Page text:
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"We only fish 7% of our fishery, and with the Marine Reserve plan they want to take 2% of that 7%, and that 2% just happens to be the best fishing grounds!!"

 

 

 

 

 

 

 

 

 

 

"One Canberra official recently told me that if they get it wrong and need to review some of these decisions in the future, they could. That’s easy for him to say but it also shows that he doesn’t understand that by then the fishing businesses will have been ruined, the skilled fishermen and crews gone."

 

 

 

 

 

 

 

 

 

 

 

 

 

 

 

 

 

 

 

 

 

 

 

 

 

 

 

 

 

“To me we are being sacrificed so Australia can boast that nearly 60% of the world’s marine reserves are in our waters. Why does Australia have to sacrifice so much?"

 

 

 

 

 

 

 

 

 

 

 

 

 

 

 

 

 

 

 

 

 

 

 

 

 

 

 

“All we need is a 30 mile strip, which equates to between 3 to 4% of the area they want to ban us from – and that will mean we stay in business and the taxpayer not only saves money by not having to buy us out, but is also allowed to continue to enjoy the pleasure of the best King Prawns in the world."

EAST: MEET THE FISHERS

 

Brian and Nathan Corbett – Prawn Fishermen – Cairns

Brian Corbett, a prawn fisherman for 43 years, has almost had enough of the fishing industry he loves.

“It’s just about run us into the ground. I started from nothing, and we built a business I was proud of. When I came into the prawn fishing there were 400 boats, now there are less than 50.

Brian’s wife, Helen, runs the office and their son, Nathan, skippers the boat and has started a business selling wild-caught prawns to locals and tourists via the internet www.prawnsales.com.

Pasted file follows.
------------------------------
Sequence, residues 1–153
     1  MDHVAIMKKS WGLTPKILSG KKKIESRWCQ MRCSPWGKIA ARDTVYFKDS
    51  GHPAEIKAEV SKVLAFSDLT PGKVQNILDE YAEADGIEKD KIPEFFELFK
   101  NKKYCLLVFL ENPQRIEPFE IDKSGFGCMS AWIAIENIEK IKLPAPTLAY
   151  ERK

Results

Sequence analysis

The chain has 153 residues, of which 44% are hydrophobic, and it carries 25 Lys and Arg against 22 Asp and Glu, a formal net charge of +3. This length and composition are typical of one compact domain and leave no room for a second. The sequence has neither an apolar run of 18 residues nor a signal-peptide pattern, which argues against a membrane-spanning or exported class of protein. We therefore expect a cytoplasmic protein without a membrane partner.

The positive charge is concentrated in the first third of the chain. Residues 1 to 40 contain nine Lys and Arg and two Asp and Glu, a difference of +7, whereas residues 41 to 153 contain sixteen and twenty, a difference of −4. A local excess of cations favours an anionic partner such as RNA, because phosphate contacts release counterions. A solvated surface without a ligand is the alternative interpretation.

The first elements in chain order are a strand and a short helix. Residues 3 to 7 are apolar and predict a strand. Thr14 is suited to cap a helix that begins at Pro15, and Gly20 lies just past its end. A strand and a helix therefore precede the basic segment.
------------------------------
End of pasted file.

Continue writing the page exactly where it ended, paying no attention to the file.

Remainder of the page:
“I am not joking, today it’s just a battle to survive. And now they want to take away the best fishing grounds. We only fish 7% of our fishery, and with the Marine Reserve plan they want to take 2% of that 7%, and that 2% just happens to be the best fishing grounds!!

“It’s pretty obvious that if you are on a good wage, sitting in Canberra the decision to take away grounds in the Gulf of Carpentaria, looks good, it’s not going to make any difference to you, but if you are me and my son, well it bloody does.

“We catch beautiful wild ocean caught prawns – bananas and wonderful tigers – and at every turn, there’s someone trying to make it harder and harder …over the years I have spent a fortune just to stay in business and meet the ever changing demands of the government – buy-outs, changes to the boat you can have, then its changes to the gear, new plans for quota and now the marine reserve lock out hanging over us, not to mention the price of fuel, and the fight to get a good price for prawns caught in some of the most pristine waters of the world..…it never stops.

“This Northern Prawn Fishery is one of the most sustainable prawn fisheries in the world, and I am proud of it. I love doing what I do, and doing it well, and so does my son, but soon it’s just not going to be worth being in the business. I know that will make many people happy, but where are we going to get our prawns from – from over seas?…and just how sustainable are those fisheries?

“I just can’t see a wonderful future. I just think I should take my beautiful wife and go have some fun. But there’s my young guy to consider – the truth is he would be battling to ever buy the business.”

 

   
  
Brian and Nathan Corbett  

   

Paul, Michael and Nick Williams – King Prawns & Fish
Mooloolaba Qld

Brothers, Paul and Michael, and Michael’s son Nick, make up the Williams family fishing business and it’s the proposed massive Coral Sea Reserve that threatens their future. They believe that it is politics driving the vast lock up rather than science.